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Does Practice Make Perfect? A Randomized Control Trial of Behavioral Rehearsal on Suicide Prevention Gatekeeper Skills

  • Wendi F. Cross
  • David Seaburn
  • Danette Gibbs
  • Karen Schmeelk-Cone
  • Ann Marie White
  • Eric D. Caine
Original Paper

Abstract

Suicide is the third leading cause of death among 10–24-year-olds and the target of school-based prevention efforts. Gatekeeper training, a broadly disseminated prevention strategy, has been found to enhance participant knowledge and attitudes about intervening with distressed youth. Although the goal of training is the development of gatekeeper skills to intervene with at-risk youth, the impact on skills and use of training is less known. Brief gatekeeper training programs are largely educational and do not employ active learning strategies such as behavioral rehearsal through role play practice to assist skill development. In this study, we compare gatekeeper training as usual with training plus brief behavioral rehearsal (i.e., role play practice) on a variety of learning outcomes after training and at follow-up for 91 school staff and 56 parents in a school community. We found few differences between school staff and parent participants. Both training conditions resulted in enhanced knowledge and attitudes, and almost all participants spread gatekeeper training information to others in their network. Rigorous standardized patient and observational methods showed behavioral rehearsal with role play practice resulted in higher total gatekeeper skill scores immediately after training and at follow-up. Both conditions, however, showed decrements at follow-up. Strategies to strengthen and maintain gatekeeper skills over time are discussed.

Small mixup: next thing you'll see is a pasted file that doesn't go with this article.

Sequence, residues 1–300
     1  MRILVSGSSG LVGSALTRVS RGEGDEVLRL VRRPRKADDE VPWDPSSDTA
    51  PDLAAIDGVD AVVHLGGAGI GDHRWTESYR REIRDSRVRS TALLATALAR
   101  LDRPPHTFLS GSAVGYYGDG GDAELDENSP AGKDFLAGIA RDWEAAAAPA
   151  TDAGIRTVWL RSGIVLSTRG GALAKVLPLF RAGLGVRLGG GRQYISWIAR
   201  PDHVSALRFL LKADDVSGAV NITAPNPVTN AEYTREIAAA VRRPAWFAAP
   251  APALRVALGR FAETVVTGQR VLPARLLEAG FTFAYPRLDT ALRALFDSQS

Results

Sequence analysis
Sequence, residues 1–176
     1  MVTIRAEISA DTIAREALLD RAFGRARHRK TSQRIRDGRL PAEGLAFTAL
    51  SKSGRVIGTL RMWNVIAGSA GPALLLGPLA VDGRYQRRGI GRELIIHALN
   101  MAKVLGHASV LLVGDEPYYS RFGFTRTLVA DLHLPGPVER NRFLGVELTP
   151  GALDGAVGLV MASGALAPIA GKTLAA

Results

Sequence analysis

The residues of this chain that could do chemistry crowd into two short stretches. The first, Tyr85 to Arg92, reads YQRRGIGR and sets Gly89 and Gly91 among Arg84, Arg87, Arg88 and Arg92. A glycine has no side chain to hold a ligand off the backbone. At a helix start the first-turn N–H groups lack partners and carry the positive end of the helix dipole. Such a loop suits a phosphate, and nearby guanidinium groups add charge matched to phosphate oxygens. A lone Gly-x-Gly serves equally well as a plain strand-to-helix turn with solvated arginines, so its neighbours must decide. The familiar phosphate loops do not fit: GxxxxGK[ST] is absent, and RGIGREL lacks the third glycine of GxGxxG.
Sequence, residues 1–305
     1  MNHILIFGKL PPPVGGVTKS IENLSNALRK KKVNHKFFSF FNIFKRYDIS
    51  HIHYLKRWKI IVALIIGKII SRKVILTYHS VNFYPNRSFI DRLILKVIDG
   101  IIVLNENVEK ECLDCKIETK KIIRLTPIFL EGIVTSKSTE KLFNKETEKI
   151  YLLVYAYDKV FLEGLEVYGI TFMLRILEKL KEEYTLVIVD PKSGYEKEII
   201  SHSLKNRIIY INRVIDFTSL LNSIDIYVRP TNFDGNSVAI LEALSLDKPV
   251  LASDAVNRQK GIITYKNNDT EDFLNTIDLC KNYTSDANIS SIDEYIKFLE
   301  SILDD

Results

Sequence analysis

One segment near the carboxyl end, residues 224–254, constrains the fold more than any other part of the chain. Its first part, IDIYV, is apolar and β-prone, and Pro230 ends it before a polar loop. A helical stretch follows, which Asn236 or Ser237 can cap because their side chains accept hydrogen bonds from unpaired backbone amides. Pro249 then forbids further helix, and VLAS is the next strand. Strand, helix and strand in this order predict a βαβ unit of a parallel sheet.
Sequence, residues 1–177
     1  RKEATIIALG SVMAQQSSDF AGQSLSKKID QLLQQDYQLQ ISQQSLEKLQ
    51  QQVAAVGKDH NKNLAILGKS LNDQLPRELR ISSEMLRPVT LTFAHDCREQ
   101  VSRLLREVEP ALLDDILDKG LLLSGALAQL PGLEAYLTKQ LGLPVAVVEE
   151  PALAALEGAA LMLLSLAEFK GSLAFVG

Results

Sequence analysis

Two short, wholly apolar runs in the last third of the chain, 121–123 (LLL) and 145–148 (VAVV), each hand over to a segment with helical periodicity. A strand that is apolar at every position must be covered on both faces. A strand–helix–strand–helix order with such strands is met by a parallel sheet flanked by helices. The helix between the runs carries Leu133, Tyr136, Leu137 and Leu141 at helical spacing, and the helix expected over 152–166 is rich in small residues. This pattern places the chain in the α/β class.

Keywords

Suicide prevention School-based gatekeeper training Behavioral rehearsal Observational methods Standardized patient 

Notes

Acknowledgments

We acknowledge the generous collaboration of the Spencerport School District administration. We thank Ms. Pamela Robinson for serving as a trainer and the staff and parents who participated in the study. We gratefully acknowledge Emma Forbes-Jones, Ph.D., and Erin Hunter, Ph.D., coders on the study, and Heather McGrane-Minton, B.S., who assisted with data entry. This project was supported by an NIMH K23 grant and ARRA supplemental funding (MH073615; MH073615-03S1; PI: Cross) as well as a P20 Developing Center for Public Health and Population-Based Approaches to Suicide Prevention (MH071897; PI: Caine). Dr. Forbes-Jones’s participation was supported by an NIMH Institutional T32 grant (MH018911; PI: Caine).

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Copyright information

© Springer Science+Business Media, LLC 2011

Authors and Affiliations

  • Wendi F. Cross
    • 1
    • 2
  • David Seaburn
    • 3
  • Danette Gibbs
    • 1
  • Karen Schmeelk-Cone
    • 1
  • Ann Marie White
    • 4
  • Eric D. Caine
    • 1
    • 2
  1. 1.Department of Psychiatry, Box PsychUniversity of Rochester Medical CenterRochesterUSA
  2. 2.Center for the Study and Prevention of SuicideUniversity of Rochester Medical CenterRochesterUSA
  3. 3.Family Support Center, Spencerport Central School DistrictSpencerportUSA
  4. 4.Office of Mental Health PromotionUniversity of Rochester Medical CenterRochesterUSA

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